Edmund Andros

Edmund Andros


Edmund Andros was born in London,England in 1637, the son of an aristocratic family. Andros joined the English army in 1666, and in 1672, he was named one of the original proprietors of Carolina, which was later divided into North and South Carolina.

By this time, Andros had become a firm friend and client of James, the Duke of York, who appointed Andros governor of the New York colony in 1674.During his tenure as governor, Andros showed the firm disposition of a military man. When he could not gain solid support from the colony’s English settlers, he was called back to England in 1681.

He served as lieutenant colonel of the Princess of Denmark’s regiment of cavalry until 1686, when his friend—the former Duke of York, now King James II—named him governorgeneral of the new Dominion of New England. The dominion included Maine, New Hampshire, Massachusetts, Rhode Island, and Connecticut.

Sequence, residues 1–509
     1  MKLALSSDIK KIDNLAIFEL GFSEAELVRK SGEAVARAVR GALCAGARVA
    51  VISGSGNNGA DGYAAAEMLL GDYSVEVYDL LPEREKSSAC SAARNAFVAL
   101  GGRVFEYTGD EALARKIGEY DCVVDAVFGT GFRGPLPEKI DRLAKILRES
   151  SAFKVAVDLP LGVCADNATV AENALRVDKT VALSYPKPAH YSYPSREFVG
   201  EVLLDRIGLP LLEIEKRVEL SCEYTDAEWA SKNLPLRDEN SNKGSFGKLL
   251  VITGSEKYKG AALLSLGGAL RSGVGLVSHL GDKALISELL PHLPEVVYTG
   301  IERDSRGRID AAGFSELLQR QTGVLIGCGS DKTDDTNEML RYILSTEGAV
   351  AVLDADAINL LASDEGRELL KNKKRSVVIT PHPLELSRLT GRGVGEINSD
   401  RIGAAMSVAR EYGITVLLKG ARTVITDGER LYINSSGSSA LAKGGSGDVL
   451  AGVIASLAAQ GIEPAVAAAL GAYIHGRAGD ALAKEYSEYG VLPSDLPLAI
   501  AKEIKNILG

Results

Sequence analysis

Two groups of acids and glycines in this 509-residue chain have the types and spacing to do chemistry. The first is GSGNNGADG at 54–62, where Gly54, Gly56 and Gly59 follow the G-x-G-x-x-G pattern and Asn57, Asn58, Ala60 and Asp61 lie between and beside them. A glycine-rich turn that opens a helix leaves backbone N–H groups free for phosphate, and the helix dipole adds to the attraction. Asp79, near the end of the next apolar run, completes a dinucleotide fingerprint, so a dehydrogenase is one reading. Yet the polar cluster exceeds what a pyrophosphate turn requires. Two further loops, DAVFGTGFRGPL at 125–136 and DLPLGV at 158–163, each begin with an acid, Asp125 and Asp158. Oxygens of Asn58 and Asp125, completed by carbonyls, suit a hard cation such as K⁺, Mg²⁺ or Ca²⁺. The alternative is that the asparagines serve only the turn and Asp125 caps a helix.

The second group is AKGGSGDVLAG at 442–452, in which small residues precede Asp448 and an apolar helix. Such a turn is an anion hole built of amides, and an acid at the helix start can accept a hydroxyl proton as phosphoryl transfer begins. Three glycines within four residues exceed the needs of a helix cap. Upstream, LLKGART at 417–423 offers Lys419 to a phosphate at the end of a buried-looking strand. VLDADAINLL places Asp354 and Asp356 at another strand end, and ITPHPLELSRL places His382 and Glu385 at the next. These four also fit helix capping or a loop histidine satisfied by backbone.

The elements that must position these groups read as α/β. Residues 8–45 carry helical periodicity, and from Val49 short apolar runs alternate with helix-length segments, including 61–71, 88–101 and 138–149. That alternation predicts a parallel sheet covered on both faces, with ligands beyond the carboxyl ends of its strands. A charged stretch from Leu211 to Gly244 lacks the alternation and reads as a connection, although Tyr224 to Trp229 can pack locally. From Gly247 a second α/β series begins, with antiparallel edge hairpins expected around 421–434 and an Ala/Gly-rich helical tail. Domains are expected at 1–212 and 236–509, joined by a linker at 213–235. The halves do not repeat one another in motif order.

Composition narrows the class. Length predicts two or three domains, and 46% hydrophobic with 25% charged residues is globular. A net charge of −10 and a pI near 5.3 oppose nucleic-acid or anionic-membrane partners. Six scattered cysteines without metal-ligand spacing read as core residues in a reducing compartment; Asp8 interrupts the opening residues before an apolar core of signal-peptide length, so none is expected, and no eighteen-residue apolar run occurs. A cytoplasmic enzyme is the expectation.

Andros arrived in Boston in December, 1686 and immediately put in place a new form of government. He assumed the position of governor and he had a council of advisers, but there was no elected assembly. During the next two years, Andros angered officials in Rhode Island and Connecticut who insisted that their original colonial charters guaranteed them certain rights and freedoms.

The people of Massachusetts were restive as well. The town of Ipswich in Essex County refused to pay taxes to Boston, since there was no elected assembly to levy the taxes. Andros threw the chief protester in jail and managed to collect the king’s taxes, but even Andros could see that under the circumstances the people of New England were difficult to control.

Meanwhile, in late 1688, the Glorious Revolution in England replaced King James II with King William and Queen Mary. When news of this reached Massachusetts, a crowd in Boston began a riot, and this led to a true revolt on April 18, 1689. Andros tried to escape dressed in women’s clothing. He was caught by some citizens of Boston and held prisoner at Castle William in Boston Harbor. It was an embarrassing position for the former governor general.

Andros and his advisers were sent back to England where they were acquitted of any wrongdoing. As a clear indication of their approval of Andros’s conduct, William and Mary sent him to Virginia as royal governor in 1692. He served there until 1697, and then returned to England. He died in London, and his reputation remains as one of the ablest colonial governors, but also one of the most despised.